Hastily, Ava lifted her hands, thumbs linked, and fingers splayed wide. Her eyes flared a radiant gold and she called out an invocation in a booming infernal voice. A broad cone of flame burst from her fingertips washing over the circling warriors.
The two on either side leapt away from the jet with surprising agility, catching only the edge of the incinerating heat. The two in the middle were not so quick. Their bodies blistered and cracked like a clay road baked in the torrid summer sun. They shattered leaving only a pile of fragments spilling out from empty armor.
Ava let out a triumphant hoot as she looked from the jumbles of clay chips to the two remaining. Tendrils of smoke curled off their still smoldering armor and scorch marks blemished their arms and faces. They did not shout or scream or roar or growl. Their faces registered neither loss nor woe nor anger but instead remained lethally impassive. Ava’s exuberance faded somewhat, and chill wriggled down her spine.
“Hate to cast shade on your light, but we’re not out of this yet!” Caeldrim shouted his voice echoing off the stone.
Ava stole a backwards glance just in time to see Caeldrim, his divine amulet in hand, call down a pillar of swirling golden flame from on high. It enveloped one of the barbarians in a light so pure that at it might have been ecstasy incarnate. Only the singed, grim face of the earthenware warrior revealed the agony of the golden flames. The construct advanced, a cape of smoke trailing from its back as orange embers sluffed off the wood of its shield to dance in the air like fireflies.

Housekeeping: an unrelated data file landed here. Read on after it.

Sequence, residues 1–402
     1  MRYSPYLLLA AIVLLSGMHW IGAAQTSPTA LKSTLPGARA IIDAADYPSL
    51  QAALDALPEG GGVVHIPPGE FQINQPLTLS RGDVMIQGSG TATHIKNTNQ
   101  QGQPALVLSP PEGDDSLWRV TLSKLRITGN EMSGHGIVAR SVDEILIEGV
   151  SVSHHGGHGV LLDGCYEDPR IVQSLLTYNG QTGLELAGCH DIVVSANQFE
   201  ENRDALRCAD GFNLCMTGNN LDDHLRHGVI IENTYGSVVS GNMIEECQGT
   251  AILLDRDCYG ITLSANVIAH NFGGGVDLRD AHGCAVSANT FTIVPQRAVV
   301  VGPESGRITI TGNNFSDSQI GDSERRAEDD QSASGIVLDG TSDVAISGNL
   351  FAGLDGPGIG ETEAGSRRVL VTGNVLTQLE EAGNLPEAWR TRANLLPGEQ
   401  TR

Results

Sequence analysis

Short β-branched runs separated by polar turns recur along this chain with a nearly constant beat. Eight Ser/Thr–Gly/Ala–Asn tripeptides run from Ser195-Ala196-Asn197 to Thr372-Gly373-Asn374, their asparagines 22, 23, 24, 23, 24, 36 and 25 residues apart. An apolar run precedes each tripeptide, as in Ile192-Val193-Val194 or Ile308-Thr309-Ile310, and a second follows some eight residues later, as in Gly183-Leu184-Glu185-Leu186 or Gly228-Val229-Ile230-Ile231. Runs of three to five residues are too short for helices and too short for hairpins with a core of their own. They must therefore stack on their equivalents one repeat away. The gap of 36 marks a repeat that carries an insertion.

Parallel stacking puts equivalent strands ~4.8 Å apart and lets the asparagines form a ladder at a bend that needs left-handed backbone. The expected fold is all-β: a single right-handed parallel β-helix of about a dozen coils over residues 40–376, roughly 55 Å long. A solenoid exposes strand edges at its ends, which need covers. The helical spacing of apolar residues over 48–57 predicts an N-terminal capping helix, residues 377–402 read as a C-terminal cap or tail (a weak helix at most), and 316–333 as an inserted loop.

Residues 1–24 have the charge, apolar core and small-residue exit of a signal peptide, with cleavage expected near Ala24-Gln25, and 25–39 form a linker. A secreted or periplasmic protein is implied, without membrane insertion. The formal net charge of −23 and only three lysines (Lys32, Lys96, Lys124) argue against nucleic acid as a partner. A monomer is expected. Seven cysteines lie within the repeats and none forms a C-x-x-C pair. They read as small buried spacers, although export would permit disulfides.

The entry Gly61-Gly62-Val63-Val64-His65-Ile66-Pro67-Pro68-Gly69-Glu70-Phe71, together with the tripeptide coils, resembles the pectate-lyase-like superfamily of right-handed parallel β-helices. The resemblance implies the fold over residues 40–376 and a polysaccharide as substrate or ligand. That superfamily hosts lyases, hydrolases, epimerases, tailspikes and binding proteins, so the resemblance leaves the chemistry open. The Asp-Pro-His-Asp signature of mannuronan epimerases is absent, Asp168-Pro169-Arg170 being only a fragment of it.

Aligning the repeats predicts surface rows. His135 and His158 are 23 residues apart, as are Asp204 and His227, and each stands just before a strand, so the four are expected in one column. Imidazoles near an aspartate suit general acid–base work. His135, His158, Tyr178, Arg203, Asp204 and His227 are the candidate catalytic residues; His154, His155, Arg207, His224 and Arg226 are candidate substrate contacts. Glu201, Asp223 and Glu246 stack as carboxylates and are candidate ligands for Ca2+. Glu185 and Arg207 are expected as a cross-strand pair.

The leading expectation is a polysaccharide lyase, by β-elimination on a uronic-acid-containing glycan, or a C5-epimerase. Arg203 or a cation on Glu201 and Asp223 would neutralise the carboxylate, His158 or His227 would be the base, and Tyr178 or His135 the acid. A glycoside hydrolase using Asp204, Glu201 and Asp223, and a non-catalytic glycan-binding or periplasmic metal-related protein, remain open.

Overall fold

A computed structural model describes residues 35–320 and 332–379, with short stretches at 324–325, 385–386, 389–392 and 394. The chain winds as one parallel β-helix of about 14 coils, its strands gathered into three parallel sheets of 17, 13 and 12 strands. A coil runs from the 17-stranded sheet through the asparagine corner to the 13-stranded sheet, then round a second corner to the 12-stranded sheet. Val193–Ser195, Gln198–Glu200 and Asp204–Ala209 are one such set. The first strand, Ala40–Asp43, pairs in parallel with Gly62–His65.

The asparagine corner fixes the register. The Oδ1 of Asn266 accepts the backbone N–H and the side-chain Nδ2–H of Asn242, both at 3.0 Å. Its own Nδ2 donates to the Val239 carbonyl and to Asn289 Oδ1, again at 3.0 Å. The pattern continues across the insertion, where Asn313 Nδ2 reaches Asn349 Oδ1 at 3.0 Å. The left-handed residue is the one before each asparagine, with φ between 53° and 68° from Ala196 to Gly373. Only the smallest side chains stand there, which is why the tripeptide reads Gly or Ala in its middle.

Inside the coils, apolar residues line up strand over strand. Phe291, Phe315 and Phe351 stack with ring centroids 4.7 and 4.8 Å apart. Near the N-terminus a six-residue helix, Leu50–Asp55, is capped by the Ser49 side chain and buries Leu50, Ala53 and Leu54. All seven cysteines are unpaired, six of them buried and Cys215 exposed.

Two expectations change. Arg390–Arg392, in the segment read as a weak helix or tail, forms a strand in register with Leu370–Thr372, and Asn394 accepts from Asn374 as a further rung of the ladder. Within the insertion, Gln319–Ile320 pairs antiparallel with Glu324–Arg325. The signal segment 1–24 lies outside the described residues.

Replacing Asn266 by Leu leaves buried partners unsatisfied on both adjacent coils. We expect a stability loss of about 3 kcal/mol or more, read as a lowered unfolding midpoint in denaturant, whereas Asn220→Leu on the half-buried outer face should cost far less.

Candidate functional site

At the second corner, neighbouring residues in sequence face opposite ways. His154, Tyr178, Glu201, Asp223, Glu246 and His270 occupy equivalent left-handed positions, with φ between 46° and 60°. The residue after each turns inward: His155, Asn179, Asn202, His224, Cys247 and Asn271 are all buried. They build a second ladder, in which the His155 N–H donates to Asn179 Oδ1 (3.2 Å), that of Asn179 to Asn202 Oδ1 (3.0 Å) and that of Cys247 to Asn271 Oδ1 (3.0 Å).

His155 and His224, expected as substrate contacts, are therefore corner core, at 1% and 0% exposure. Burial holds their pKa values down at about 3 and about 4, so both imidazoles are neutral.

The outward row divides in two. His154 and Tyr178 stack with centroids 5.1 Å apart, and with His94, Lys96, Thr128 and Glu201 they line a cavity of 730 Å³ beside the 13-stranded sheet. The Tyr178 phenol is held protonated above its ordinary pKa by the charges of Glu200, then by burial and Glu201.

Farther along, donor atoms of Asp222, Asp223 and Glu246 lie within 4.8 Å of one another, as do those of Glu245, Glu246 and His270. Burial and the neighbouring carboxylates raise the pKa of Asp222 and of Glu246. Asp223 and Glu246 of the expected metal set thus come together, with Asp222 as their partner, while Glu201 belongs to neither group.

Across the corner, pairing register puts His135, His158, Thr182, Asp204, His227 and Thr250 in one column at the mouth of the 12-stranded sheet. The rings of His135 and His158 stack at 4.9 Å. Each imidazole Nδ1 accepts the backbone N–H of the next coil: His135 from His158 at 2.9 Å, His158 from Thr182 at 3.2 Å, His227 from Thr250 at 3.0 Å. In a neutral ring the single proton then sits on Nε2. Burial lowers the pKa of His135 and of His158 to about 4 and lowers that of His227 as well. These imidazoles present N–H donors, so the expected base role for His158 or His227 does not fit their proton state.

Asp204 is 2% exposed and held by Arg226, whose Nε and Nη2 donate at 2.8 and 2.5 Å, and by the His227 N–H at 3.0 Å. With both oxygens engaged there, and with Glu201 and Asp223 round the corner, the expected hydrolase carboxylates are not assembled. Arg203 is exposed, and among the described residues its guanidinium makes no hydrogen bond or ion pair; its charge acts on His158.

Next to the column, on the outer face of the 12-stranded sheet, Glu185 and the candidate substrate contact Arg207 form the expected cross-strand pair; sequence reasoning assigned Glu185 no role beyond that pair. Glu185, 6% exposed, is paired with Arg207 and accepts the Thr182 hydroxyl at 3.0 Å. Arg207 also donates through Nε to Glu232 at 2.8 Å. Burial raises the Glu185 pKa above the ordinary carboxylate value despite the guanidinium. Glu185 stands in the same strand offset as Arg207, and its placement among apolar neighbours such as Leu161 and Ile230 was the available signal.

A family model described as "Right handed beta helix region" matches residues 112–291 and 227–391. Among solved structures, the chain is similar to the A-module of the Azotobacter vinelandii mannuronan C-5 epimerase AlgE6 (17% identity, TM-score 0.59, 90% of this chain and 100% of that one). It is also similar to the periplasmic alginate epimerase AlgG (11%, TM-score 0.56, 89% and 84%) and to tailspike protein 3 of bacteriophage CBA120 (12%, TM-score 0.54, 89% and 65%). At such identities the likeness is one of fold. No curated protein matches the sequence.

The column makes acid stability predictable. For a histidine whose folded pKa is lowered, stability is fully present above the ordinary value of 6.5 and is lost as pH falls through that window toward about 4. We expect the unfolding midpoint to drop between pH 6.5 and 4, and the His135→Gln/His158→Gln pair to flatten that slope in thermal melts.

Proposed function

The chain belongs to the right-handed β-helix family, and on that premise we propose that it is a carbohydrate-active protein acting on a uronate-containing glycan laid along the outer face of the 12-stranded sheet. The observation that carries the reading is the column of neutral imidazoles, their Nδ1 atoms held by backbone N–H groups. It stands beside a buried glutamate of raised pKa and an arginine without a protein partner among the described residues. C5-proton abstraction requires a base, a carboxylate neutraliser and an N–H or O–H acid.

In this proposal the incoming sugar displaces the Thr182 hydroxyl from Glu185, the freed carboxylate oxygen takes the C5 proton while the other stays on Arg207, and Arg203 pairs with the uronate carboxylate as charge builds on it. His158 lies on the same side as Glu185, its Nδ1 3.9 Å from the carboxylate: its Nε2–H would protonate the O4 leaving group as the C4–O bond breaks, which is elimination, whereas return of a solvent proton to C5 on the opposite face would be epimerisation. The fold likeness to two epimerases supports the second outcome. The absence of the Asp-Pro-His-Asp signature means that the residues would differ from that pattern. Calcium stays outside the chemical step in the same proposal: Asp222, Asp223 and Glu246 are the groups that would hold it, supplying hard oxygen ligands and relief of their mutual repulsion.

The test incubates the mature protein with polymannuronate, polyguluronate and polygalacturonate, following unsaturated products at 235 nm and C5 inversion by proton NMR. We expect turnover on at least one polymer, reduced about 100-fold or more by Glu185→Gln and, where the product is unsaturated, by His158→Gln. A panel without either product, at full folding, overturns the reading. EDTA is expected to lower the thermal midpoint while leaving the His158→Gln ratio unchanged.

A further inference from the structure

The tiefling returned her attention just in time to narrowly avoid a vicious spear thrust from the left. The second warrior circled to flank and stabbed at her with a low, savage strike. It anticipated where she would need to move in order to avoid his companion’s attack and aimed its thrust toward the space. The tactic worked and the cruel spear head found buttery flesh, tearing a vicious gash into Ava’s side. She screamed and doubled over, gripping the wound. Taking a step back, she shook her head hard as if to rattle the pain free of her mind and began a second spell.
Meanwhile, Caeldrim danced and whirled to avoid being pinned in by his own gang of assailants. The first strike landed squarely on his shield with the force of a hammer, driving him a step and a half backwards. There, another spear thrust awaited him but mercifully glanced off his armor as Caeldrim spun to the side to regain his footing.
He anticipated the third strike which missed him outright but the fourth drove home. The rusted edge gouged his thigh leaving a bright streak of blood in its wake. Caeldrim growled an oath through gritted teeth and then with a desperate roar swung his mace in an upward arc catching the burned barbarian under the chin. Its head shattered like a plate dropped on the kitchen floor. The headless terracotta warrior sunk to its knees and then collapsed flatly to the flagstones. Its body smashed into thousands of tiny shards.